In 2012, a data competition on Kaggle tasked participating teams with identifying what factors contributed to a car being a “lemon,” or a bad purchase. But it was the factor that most connected with car reliability that was really surprising. Orange cars, the Kaggle teams found, were universally less likely to have after-purchase problems. Kaggle’s founder stepped in to provide analysis: “Orange is an unusual color,” he said, “You’re probably going to be someone who really cares about the car [if you bought orange] and so you looked after it better than somebody who bought a silver car.”
It sounds absurd, but all of it came straight out of a massive data-set analyzed by hundreds of scientists and coders. There are all kinds of strange phenomena just like this out there. There are apps that soar in popularity for a day, then tumble back down into obscurity. There are sudden bursts when your home page converts at a rate of 20%, then goes back down to 15% with no explanation. But the only way to harness these phenomena to improve is to use analytics. When you witness something unexpected and you’re able to go back and understand it with your data, what you’re doing is bumping up against the limits of your idea of the world—and pushing it a little further. You’re learning. You’re making progress.
At Amplitude, helping startups make progress and learn about the mechanics of their own apps is what drives us. We love hearing stories about how analytics helped uncover the unexpected cause of some strange phenomenon. That’s why we recently asked some of our data-driven startup friends for their own personal “orange car” stories.
We asked for the odd, the out-there, the realizations that turned businesses around, or the discoveries that overturned long-held beliefs. Here they are: four plain surprising stories from four startup data teams.
Paul Berkovic — Cofounder/CMO — ScribblePost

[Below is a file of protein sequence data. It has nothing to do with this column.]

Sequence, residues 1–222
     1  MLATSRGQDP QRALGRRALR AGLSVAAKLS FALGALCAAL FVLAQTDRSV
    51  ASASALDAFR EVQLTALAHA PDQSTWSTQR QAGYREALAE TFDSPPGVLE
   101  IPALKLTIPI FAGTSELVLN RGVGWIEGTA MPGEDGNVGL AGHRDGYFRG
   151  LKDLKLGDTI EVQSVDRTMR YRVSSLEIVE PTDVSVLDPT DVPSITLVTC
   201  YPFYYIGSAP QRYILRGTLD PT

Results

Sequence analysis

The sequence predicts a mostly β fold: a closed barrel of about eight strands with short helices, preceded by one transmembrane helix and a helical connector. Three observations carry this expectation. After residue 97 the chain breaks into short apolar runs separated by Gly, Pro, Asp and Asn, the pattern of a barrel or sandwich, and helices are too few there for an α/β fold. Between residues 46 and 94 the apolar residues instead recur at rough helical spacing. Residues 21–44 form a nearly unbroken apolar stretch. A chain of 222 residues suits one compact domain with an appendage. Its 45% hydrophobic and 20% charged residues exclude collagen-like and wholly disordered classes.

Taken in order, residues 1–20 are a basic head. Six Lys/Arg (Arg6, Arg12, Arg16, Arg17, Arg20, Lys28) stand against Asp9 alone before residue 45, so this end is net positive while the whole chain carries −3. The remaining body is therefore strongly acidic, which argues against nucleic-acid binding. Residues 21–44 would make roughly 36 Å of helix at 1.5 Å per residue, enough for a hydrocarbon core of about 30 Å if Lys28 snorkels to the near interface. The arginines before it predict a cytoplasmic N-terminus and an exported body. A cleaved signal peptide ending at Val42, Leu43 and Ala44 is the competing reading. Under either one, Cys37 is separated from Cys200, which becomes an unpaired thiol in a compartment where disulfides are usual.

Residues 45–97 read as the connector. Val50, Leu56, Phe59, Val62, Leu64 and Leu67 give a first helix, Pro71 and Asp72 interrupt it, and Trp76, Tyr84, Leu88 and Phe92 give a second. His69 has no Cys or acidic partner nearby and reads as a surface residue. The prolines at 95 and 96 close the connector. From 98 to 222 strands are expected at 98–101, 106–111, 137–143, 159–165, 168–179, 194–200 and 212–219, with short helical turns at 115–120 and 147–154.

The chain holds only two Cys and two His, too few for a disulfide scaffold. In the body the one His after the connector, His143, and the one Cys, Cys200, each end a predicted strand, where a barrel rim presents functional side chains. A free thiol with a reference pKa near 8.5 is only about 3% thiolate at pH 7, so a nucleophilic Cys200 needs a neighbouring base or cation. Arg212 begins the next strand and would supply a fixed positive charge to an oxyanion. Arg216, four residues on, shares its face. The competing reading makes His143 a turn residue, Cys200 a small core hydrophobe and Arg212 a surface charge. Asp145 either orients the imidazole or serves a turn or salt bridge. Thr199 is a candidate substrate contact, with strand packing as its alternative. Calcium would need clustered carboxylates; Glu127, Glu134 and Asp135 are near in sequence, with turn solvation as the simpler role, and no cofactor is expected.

Cofounder Paul Berkovic of ScribblePost had looked at enough email open rates to know that people were sick and tired of hearing about “email replacements.” He had a feeling that it wasn’t necessarily the _idea _of an email replacement that turned people off. Through A/B testing, he confirmed this suspicion. People still found email to be a huge pain point, they just didn’t necessarily want to hear about reinventing it anymore.
It’s a core part of the product, so we were working that messaging back into our narrative. Basically we started inventing all sorts of creative marketing language to hide the fact that we are helping make email better. So many products have come out claiming to kill email, we assumed that people would lump us in with those products, and any claims about email would be uninteresting.
Berkovic realized that ScribblePost couldn’t just come out and say that it would make email better. Too many companies had already claimed to have the “next best thing,” and all they’d done was mess with people’s trust in that kind of claim.
We started testing messaging that explicitly talks about email as a problem, and how we plan to solve the problem. It turns out that none of those existing products have really delivered on their promise, and people are still really excited to find a better way to manage email!